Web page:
This was a strength and a weakness with me. I was willing to try new things. Recently I had rented a room in a healing center to do Reiki and shamanic work. I loved the space, and I loved being there by myself. I enjoyed working with clients, too. But I didn't like promoting myself. I didn't like waiting around to have people come see me. I didn't like being stuck in Portland traffic. It was a three month experiment which told me a lot about what I wanted and didn't want. Some people might call that a failure; I called it a learning experience, although I was a little frustrated with myself for not making it more financially successful.

When I was young I knew I was smart; I was sure this meant I could always take care of myself. When I got sick, all that assurance went out the window. Now I knew I could easily be one of those people who ended up homeless and living on the street. Since then, I had been looking for a way to get a more steady income--more steady than intermittent writing income--without changing my beliefs about living and working sustainably.

Maybe going back to school could do that for me. But I didn't want to drain my family--Mario and me--of any more of our finances.

What if going to school was just one more way to educate me uselessly?

Mario encouraged me to go for it.

So that day and for the next couple of days, I made phone calls to the school.

First I talked with an admissions advisor. We talked about the certificates. I told her my concerns about going to school and spending all of this money and then not getting a job or any work out of it. She didn't have a real answer to that. What could she say? "I guarantee you'll find work?"

Next I told her I only want to go to school if it was a green campus. She said it was. They didn't use pesticides and they used green building practices: no-VOC paints and carpets when needed. She told me it was an old building, but they did the best they could despite that.

I then wrote to the permaculture course instructor. I told him my life history in about a page. After I sent the email, I felt embarrassed. How could I so easily tell a stranger about my life and who I was? I wasn't sure why I did it. I wanted these people to know life had not been easy for me. Illness and financial woes had taken a toll. But mostly I wanted them to know I hadn't succeeded at making anything better in the world, despite my efforts.

I didn't tell him everything, of course. I didn't say that I struggled with anxiety and depression. Didn't tell him that sometimes incessant worry possessed me like some demented neurotic demon that I couldn't shake loose no matter what I did.

I didn't usually tell anyone that.

I'd always had a touch of anxiety, even when I was a kid. When I was in my early twenties, I caught a glimpse of my diagnosis in the file on my shrink's desk: chronic depression. When I saw those two words, I felt as though I had been punched in the stomach. It sounded like a life sentence: chronic depression. Chronic meant it would never go away, right?

In my mid-twenties, a doctor told me I had something called environmental illness. She told me I was essentially allergic to the world. This was devastating news. I loved the world. Now it was making me sick? I had to change everything about my life. The way I ate, drank, dressed, lived.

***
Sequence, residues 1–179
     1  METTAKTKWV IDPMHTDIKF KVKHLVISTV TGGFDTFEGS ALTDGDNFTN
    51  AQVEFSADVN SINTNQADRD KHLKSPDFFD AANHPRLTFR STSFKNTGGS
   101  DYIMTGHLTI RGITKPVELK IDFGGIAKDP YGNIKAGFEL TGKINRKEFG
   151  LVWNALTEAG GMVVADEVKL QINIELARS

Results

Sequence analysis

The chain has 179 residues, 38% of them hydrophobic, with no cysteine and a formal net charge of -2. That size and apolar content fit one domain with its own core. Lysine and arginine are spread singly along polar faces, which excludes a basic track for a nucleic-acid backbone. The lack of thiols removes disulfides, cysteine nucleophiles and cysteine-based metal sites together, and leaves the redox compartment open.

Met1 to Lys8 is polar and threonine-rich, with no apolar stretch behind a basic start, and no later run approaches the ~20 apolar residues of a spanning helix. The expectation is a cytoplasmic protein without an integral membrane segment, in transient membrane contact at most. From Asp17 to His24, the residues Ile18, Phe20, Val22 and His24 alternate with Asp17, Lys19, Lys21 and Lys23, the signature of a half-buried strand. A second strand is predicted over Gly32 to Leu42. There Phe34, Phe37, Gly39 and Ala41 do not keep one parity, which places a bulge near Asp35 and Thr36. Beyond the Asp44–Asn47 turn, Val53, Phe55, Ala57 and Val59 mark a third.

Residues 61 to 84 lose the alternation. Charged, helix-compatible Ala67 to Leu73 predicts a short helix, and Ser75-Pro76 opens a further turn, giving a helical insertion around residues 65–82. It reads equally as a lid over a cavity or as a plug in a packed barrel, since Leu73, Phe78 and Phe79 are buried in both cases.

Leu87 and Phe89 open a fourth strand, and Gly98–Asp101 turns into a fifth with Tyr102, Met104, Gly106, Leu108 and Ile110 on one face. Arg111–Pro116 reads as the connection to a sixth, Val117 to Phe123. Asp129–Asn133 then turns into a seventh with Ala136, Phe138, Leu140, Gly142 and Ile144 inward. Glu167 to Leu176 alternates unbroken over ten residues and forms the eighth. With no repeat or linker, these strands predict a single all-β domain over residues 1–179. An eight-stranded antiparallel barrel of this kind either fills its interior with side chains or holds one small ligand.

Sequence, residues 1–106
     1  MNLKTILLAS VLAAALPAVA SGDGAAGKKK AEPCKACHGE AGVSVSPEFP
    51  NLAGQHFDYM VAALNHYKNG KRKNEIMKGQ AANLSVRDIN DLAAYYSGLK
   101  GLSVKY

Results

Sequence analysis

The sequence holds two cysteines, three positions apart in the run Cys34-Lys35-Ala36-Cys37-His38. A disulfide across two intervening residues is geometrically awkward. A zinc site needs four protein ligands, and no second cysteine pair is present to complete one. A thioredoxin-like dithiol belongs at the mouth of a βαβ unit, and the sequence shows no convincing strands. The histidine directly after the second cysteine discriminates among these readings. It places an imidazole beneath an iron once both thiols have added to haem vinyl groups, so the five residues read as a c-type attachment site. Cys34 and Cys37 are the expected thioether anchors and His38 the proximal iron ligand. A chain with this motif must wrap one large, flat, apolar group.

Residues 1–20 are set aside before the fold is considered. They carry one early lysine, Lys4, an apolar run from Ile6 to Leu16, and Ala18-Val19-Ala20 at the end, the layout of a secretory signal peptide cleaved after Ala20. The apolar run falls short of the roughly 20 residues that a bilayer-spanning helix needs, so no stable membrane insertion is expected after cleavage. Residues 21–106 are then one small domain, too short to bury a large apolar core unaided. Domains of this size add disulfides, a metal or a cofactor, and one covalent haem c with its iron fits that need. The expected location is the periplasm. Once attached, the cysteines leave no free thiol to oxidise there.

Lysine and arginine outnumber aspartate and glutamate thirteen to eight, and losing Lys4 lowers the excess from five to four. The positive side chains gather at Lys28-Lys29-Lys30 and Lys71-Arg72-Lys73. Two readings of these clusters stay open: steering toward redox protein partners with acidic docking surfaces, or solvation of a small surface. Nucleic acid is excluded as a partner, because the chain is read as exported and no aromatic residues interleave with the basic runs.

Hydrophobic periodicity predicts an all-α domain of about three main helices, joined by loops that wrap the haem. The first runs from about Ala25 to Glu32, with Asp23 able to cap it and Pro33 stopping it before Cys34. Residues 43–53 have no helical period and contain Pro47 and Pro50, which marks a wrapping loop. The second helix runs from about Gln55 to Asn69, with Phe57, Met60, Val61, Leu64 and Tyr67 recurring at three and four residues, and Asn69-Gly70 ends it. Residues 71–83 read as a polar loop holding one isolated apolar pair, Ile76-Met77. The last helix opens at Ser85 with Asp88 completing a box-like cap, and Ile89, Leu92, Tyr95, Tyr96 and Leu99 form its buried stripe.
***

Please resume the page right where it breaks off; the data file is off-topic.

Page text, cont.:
I stopped drinking. I began eating organic foods. I tried to lessen my stress and take time to relax, but I was in college, working nearly full time while going to school full time. I didn't know how to relax.

The diagnosis evolved over the years. What I had was now called "multiple chemical sensitivities." (This is essentially what the workers and some residents in the Gulf now have; the doctors call it tilt: toxicant induced loss of tolerance.)

I didn't like any of the diagnoses I'd gotten over the years. They all felt like a curse, a life-sentence. As I tried to protect myself from "the world," my life felt more and more constrained. Less and less joyful.

And my incessant worrying got worse, coming and going until it seemed to settle in good and hard after my mother died two and a half years ago. Maybe that was because I started eating less healthy. Maybe it was because I had also lost two very close friends two years before that. Maybe it was because of the two surgeries I had had, although they had cleared my sinuses so that I could actually breathe through my nose for the first time in nearly fifteen years.

Maybe it was because I was now in my fifties and I felt like half of my life had been spent in illness. More than half.

I didn't know why I had this chronic anxiety. Doctors, acupuncturists, naturopaths, cranio-sacral therapists, all manner of therapists, and shamans had not been able to help. It started to feel as though this unsustainable part of myself was hardwired to me and there was no way to riven it from my real self--because I was sure my real true self did not cower in fear or anxiety because she couldn't get her mind right.

In any case, after the permaculture instructor read my email (where I didn't mention my anxiety), he asked me to call him. So I did.

We talked about his permaculture class and the program at his university. I told him I had worked on many environmental projects. I had also been part of the Sanctuary movement when I lived on the coast of Oregon--on the fringes of it while I was in a peace group there. I had organized and marched against the war in Iraq. I had sued my county after they illegally sprayed pesticides in front of my house. I had fought many battles, and I was tired. He talked about cultivating resilience. With my voice shaking with tears, I said, "I feel as though I have no more resilience."

"I promise you at the end of this," he said, "you will find your resilience again."

Maybe those weren't his exact words. But they were good words. I felt better. Like maybe this was for me.